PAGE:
Israel’s public security minister, Amir Ohana, said the police had his “complete backing to use all means, force and the necessary power to restore law and order.” Netanyahu said in a meeting with security officials, “Israel is acting responsibly to ensure respect for law and order in Jerusalem while allowing freedom of worship.”
On Saturday night, as an estimated 90,000 worshippers gathered to mark Laylat al-Qadr, or Night of Power, the holiest night of Ramadan, clashes erupted with Israeli police outside the Old City. According to the Palestine Red Crescent, at least 120 people were injured, including a one-year-old child, with 14 taken to hospital. Police again sought to limit the numbers coming to worship at al-Aqsa by setting up roadblocks and halting public transport from other parts of the country, forcing Palestinians to walk along highways. Others ferried stranded worshippers into the city.
There were angry protests by Palestinian Israelis in towns throughout the country, including Jaffa and Nazareth, against the threatened Sheikh Jarrah evictions and Friday night’s raids on al-Aqsa, marking an unprecedented involvement of Israel’s Palestinian citizens in anti-government protests from which they have traditionally stood apart.
Tensions are also mounting in the occupied West Bank, where there are almost daily reports of the killing and wounding of Palestinians by Israeli soldiers, as well as unprecedented levels of settler violence against Palestinians and their property. Palestinian Authority President Mahmoud Abbas recently postponed Palestinian elections—the first since 2006—amid plummeting support for his Fatah faction, once the leading faction in the Palestinian Liberation Organisation, citing Israel’s (longstanding) refusal to guarantee it would allow Palestinians in East Jerusalem to vote.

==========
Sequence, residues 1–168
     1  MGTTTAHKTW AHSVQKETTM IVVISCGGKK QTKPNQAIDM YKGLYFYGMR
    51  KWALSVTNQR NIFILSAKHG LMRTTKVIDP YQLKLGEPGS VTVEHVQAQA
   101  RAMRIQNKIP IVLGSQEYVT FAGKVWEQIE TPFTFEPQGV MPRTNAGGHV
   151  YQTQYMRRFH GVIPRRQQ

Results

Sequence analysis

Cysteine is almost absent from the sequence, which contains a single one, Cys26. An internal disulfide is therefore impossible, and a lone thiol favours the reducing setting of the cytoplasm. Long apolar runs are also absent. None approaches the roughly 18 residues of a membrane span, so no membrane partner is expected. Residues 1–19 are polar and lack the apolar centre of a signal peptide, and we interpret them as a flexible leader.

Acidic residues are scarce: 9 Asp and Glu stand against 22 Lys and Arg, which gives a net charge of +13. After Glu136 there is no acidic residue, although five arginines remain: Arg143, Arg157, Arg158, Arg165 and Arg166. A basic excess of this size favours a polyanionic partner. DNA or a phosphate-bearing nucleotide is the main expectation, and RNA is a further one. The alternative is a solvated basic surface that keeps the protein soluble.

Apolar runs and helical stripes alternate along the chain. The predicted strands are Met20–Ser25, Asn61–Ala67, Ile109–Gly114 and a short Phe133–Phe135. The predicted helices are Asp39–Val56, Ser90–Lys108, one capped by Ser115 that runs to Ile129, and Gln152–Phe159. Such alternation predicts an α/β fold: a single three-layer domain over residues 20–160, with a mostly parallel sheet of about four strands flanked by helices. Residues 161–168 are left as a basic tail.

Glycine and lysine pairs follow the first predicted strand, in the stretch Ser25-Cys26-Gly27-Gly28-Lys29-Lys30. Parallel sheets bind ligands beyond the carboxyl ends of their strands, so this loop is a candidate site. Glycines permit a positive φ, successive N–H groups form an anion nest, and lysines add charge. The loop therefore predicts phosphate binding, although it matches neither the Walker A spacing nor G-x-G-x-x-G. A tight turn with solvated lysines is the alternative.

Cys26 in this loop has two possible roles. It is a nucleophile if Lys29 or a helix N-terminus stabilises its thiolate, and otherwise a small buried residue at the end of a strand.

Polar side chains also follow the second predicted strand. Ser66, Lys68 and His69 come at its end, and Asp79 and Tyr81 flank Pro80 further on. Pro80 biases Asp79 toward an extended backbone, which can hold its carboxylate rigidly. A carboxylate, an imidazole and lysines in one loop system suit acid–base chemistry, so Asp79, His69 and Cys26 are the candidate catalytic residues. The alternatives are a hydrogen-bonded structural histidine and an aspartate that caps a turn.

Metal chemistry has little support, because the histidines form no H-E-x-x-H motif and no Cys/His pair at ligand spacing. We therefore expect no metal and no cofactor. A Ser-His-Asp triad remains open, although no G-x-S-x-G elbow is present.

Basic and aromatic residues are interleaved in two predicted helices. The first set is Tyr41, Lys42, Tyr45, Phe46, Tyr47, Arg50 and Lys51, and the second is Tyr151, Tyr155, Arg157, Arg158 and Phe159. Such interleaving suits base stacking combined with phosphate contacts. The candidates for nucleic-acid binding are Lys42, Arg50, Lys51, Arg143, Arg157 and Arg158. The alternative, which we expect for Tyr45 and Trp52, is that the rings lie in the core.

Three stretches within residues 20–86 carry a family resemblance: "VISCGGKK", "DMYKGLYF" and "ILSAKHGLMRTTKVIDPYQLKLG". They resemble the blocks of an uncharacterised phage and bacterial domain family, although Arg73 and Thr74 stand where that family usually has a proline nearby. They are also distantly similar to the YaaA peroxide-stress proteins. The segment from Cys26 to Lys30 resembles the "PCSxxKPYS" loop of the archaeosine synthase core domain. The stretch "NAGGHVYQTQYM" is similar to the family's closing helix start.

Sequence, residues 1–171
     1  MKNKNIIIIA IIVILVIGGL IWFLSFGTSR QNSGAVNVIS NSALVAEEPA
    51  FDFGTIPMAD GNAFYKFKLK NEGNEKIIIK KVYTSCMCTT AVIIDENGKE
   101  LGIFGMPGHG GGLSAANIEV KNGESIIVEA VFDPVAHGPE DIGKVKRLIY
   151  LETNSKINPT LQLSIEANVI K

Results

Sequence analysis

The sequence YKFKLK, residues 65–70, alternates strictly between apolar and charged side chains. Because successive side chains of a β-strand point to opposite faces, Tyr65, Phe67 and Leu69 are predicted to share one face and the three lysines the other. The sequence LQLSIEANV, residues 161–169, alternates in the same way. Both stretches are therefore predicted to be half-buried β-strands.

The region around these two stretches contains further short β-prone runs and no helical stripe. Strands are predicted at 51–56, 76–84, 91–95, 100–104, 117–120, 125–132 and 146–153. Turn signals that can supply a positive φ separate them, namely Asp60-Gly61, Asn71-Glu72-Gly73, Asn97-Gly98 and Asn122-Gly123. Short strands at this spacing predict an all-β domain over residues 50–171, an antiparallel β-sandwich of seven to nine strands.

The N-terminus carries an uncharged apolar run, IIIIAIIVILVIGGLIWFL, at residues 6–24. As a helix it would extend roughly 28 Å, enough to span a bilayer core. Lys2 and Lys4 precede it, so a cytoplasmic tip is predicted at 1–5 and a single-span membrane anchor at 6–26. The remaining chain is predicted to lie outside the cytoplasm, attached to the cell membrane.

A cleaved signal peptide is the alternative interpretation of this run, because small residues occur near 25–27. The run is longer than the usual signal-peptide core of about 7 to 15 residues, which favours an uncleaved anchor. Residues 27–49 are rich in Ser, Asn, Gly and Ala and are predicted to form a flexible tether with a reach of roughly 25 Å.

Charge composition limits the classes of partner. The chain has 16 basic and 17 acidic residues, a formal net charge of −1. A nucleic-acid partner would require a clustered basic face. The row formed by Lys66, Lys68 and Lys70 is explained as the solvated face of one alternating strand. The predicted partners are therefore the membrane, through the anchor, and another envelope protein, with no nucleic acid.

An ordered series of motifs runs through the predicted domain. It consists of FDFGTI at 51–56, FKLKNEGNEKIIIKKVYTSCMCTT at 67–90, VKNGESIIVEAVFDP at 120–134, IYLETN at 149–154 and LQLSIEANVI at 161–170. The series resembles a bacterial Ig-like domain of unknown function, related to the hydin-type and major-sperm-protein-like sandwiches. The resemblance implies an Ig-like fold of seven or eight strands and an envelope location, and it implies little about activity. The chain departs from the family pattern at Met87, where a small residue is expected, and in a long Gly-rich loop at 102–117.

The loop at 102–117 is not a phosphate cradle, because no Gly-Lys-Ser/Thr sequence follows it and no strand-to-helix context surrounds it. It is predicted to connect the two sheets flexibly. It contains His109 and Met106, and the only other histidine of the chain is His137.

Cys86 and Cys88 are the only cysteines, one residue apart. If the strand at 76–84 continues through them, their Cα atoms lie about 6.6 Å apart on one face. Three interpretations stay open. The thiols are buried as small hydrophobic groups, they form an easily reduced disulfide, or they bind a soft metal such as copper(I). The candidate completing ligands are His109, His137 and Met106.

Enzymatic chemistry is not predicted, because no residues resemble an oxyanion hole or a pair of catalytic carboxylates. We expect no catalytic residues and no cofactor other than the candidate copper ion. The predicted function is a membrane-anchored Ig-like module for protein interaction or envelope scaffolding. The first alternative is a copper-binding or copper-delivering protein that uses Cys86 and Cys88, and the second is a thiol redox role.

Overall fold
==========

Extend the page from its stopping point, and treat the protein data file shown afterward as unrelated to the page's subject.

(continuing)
The al-Aqsa clashes have brought condemnation from Egypt and Jordan, whose population is largely of Palestinian descent, fearing that any instability in the Palestinian territories could spill over into their own unstable countries.
Turkey, as well as Bahrain and the United Arab Emirates, two of the countries that signed normalisation accords with Israel last year, issued statements criticising Israel.
The US State Department responded by urging “both sides to exercise decisive leadership” to quell the violence, in effect gave its backing to Israel. Secretary of State spokesperson Ned Price said, “We call on Israeli and Palestinian officials to act decisively to deescalate tensions and bring a halt to the violence.”
Netanyahu’s order to the IDF to expand its forces in the West Bank by four battalions, assist the police in security and deploy Iron Dome batteries in the south, takes place as Israel’s settler groups and far-right forces began marking Jerusalem Day, starting last night and ending today. The day marks the anniversary of East Jerusalem’s capture from Jordan in the 1967 Arab Israeli war and its illegal annexation to Israel. The main event is today’s planned march through Arab neighbourhoods in the city, taunting the Palestinians.
Netanyahu’s provocations are tantamount to a declaration of war against the Palestinians and could spark a broader war in the Middle East, where Israel—the strongest military power in the region—acts as Washington’s proxy force. It has stoked dissent within Israel as senior security officials warned that the flag march on Jerusalem Day could fan the flames in East Jerusalem and cause the violence to spread to Gaza and the West Bank. They have urged politicians to postpone the march, limit the number of participants and change the route, so as not to enter the al-Aqsa compound. A police spokesman told Israel’s Army Radio Sunday night that the provocative march would take place.
These moves come as President Reuven Rivlin has called on opposition leader Yair Lapid to form a government after Netanyahu proved incapable of cobbling together a coalition that would ensure his ability to evade his corruption trial, now entering its evidence sessions. The eruption of a new Palestinian uprising would preempt any possibility of Lapid’s potential right-wing partners such as Naphtali Bennett of Yamina or Mansour Abbas’ United Arab List joining his coalition, thereby precipitating a fifth election and/or a state of emergency that would ensure Netanyahu’s continued premiership.